Identify and Care for this Plant?- Croton “Mammy”

Hello Judy. Found your site online when I was trying to find the name of the attached plant. Would you happen to know what it is?

 

 

Hi,

Your plant is a type of Croton Plant, there are many different varieties but yours looks like a Croton “Mammy.”

Croton plants need bright, indirect light to maintain their colorful leaves. If there is not enough light,  new leaves are predominantly green rather than yellow, red, and orange. Too much direct sun causes phototoridation, a condition that makes Croton leaves gray and dull looking.

Allow the top 25%-30% of the soil to dry out before watering. Crunchy leaves indicate over-watering not under watering. The leaves become soft and droop a little when your plant needs water. When a croton is severely over or under-watered leaves drop off.

There are complete care tips for a croton in the Popular Houseplant section of the website. The picture is of a different variety but the care is the same.

https://www.houseplant411.com/houseplant/croton-how-to-grow-care-for-croton-plants

Croton plants are a little temperamental and not as forgiving as some other houseplants, but are a bright addition to any home or office.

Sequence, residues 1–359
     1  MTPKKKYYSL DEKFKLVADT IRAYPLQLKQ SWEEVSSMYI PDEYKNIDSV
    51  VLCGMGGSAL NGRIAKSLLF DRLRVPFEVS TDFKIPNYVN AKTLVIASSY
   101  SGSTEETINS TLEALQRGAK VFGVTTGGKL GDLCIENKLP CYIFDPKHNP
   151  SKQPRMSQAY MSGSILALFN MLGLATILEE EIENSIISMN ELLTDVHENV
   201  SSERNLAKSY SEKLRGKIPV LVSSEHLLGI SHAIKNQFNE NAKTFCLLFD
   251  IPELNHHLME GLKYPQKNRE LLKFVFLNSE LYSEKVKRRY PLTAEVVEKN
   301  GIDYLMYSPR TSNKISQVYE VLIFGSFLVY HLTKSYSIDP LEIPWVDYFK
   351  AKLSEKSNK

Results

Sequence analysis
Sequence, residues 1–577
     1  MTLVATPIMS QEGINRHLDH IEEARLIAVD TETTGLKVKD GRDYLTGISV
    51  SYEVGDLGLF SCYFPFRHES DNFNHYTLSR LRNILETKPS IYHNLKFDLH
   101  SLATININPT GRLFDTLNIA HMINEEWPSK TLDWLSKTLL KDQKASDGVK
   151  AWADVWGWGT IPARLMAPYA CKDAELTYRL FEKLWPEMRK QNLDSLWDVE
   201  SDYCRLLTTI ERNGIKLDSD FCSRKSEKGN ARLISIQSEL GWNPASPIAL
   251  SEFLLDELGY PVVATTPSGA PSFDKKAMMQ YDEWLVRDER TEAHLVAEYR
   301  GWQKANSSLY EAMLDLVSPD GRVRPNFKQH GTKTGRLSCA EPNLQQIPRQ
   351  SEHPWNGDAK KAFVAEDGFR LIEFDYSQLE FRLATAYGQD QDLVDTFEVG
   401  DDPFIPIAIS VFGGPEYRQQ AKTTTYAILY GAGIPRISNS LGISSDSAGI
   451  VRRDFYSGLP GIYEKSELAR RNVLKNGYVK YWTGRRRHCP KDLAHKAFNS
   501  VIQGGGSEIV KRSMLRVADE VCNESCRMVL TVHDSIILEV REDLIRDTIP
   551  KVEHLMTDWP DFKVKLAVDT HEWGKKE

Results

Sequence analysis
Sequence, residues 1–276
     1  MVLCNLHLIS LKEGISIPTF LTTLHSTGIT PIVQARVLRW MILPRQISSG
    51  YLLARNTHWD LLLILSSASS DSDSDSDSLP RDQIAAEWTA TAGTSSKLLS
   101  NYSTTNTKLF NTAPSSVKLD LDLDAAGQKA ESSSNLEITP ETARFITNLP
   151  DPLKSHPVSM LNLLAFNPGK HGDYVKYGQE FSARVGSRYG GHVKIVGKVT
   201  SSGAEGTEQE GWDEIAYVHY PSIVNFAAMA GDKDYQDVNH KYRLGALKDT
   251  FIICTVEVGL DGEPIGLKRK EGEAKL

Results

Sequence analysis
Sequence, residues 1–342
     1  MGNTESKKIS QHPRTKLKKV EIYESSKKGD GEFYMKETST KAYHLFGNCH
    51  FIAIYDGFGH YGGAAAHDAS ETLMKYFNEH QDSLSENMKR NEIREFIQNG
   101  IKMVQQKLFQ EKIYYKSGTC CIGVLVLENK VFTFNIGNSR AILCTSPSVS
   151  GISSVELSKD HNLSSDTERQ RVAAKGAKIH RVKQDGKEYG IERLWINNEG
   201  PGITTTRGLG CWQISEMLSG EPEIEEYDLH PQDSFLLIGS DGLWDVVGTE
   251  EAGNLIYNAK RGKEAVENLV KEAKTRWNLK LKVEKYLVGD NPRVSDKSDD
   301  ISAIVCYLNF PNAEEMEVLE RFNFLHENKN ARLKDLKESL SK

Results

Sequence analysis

These plants are considered poisonousPlants are a great addition to homes and offices, but it’s important to know whether your plants are dangerous to children, pets, or even adults. Some plants contain chemicals such as oxalates, solanine, glycosides, or alkaloid lycorine that may cause vomiting, nausea, diarrhea, swelling and redness of the mouth, throat, and lips, and trouble breathing. Touching parts of certain plants, especially the sap, may cause various skin irritations. The weight and age of the human or pet involved, and the part and amount of plant eaten determine how severe the reaction to the toxins will be. Although plants may be listed as non-toxic, they can still cause individual allergic reactions. If there is any question after a houseplant has been ingested or touched, immediately call the Poison Control Center 1-800-222-1222.  More poisonous houseplant information and pictures of common plants that are dangerous to children and pets can be found in my book Don’t Feed Me to Your Cat: A Guide to Poisonous Houseplants and should be kept away from pets and children. Read more about common houseplants that are poisonousPlants are a great addition to homes and offices, but it’s important to know whether your plants are dangerous to children, pets, or even adults. Some plants contain chemicals such as oxalates, solanine, glycosides, or alkaloid lycorine that may cause vomiting, nausea, diarrhea, swelling and redness of the mouth, throat, and lips, and trouble breathing. Touching parts of certain plants, especially the sap, may cause various skin irritations. The weight and age of the human or pet involved, and the part and amount of plant eaten determine how severe the reaction to the toxins will be. Although plants may be listed as non-toxic, they can still cause individual allergic reactions. If there is any question after a houseplant has been ingested or touched, immediately call the Poison Control Center 1-800-222-1222.  More poisonous houseplant information and pictures of common plants that are dangerous to children and pets can be found in my book Don’t Feed Me to Your Cat: A Guide to Poisonous Houseplants in Don’t Feed Me To Your Cat! A Guide to poisonous houseplantsIn her new book, Don’t Feed Me to Your Cat!, plant care professional Judy Feldstein shares information about twenty-five common houseplants, each with various levels of toxicity, and the possible consequences if your pet or child snacks on them..